Sweden’s government on Thursday announced a plan to ease restrictions designed to curb the spread of COVID-19, starting on June 1 but without a firm date for a complete reopening.
“We are starting to glance the beginning of the end,” Prime Minister Stefan Lofven told a news conference.
The easing of restrictions would be done in five stages, and depend on the level of infection, the stress on healthcare and rollout of vaccines, the government said.
“I want to emphasise that the removal of restrictions is being done responsibly and with the preparedness to handle a situation where the rate of infection potentially increases again,” Lofven said.
The Scandinavian country has never imposed the type of lockdown seen elsewhere in Europe, controversially relying on mostly non-coercive measures.
It has however gradually tightened restrictions since November, including a ban on alcohol sales after 8 pm and on public gatherings of more than eight people.
Since March, cafes, bars and restaurants have also been required to shut by 8:30 pm.
The first step of the reopening would see restaurants being able to stay open till 10:30 pm, and the resumption of some sporting activities and in person teaching for adult students.
The second stage, planned for July 1, will include a higher cap on private and public gatherings, and allowances for larger audiences for sporting and cultural events, as well the removal of a recommendation to only interact with people within a close social circle.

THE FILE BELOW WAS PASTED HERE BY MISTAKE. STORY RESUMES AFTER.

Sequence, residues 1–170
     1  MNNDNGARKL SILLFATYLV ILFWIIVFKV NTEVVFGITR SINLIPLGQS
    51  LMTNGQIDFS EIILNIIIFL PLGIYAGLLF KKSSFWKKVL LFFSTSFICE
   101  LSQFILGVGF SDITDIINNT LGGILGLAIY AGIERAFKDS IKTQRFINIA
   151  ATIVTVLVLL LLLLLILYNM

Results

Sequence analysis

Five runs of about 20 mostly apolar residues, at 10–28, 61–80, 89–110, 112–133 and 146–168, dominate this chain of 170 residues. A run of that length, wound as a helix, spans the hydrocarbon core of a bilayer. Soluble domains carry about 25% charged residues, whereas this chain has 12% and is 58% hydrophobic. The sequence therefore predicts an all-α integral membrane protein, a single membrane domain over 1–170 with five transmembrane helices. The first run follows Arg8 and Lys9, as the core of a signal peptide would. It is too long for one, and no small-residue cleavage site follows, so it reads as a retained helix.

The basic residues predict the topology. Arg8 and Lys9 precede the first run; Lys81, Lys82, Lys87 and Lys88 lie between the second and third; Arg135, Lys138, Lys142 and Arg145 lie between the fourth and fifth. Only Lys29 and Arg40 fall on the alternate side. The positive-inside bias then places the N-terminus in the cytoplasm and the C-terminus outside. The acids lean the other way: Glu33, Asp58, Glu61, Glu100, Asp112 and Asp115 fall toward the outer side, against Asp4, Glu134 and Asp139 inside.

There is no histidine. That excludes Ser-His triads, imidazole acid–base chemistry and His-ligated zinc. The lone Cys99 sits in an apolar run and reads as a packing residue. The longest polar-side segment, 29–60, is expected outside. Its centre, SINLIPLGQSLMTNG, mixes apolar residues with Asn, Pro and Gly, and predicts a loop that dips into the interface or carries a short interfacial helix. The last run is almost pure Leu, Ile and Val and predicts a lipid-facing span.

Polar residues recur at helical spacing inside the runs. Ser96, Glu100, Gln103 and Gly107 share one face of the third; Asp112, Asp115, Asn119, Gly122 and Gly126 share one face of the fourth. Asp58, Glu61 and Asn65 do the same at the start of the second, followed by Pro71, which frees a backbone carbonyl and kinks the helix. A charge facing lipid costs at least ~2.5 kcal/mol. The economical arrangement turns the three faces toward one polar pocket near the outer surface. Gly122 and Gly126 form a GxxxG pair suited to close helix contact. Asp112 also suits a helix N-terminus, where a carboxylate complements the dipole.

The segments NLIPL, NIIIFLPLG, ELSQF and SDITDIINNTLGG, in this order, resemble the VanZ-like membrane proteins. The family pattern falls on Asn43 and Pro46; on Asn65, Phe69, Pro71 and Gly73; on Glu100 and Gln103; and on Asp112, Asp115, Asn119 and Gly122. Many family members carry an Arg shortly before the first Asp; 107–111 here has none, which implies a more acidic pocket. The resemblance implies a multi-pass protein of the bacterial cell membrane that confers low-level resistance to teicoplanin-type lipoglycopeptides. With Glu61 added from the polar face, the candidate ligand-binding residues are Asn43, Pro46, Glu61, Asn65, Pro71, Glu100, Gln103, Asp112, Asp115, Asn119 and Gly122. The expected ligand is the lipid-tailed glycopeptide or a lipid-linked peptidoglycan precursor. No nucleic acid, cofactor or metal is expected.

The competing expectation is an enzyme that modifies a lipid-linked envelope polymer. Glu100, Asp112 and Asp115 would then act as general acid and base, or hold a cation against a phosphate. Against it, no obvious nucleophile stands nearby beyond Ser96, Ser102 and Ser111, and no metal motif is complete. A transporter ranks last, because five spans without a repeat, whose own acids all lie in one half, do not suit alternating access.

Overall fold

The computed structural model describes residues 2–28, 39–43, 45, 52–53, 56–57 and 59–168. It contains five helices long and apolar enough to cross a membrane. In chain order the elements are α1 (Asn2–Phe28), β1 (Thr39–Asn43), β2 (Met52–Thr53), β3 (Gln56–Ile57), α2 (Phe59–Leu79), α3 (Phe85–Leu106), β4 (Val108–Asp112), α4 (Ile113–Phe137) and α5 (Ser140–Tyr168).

Stages three and four are currently planned for July 15 and September respectively.
They would first see the removal of restrictions on seating on public transport and how many people can be inside stores followed by the complete lifting of restrictions on the number of people at private and public gatherings together with audience restrictions at events.
A date had not yet been set for the last stage, which would see the complete lifting of all restrictions, Lofven said.
Johan Carlson, director of Sweden’s Public Health Agency, noted that the number of new cases had fallen by 30-40 percent in parts of the country but urged people “to continue to persevere and follow the recommendations that are still in effect”.
The Nordic country of 10.3 million inhabitants reported a total of 1,068,473 confirmed cases of COVID-19 on Thursday and 14,451 associated deaths.
Last week, Sweden topped the EU for the number of new cases per capita, according to the European Centre for Disease Prevention and Control (ECDC).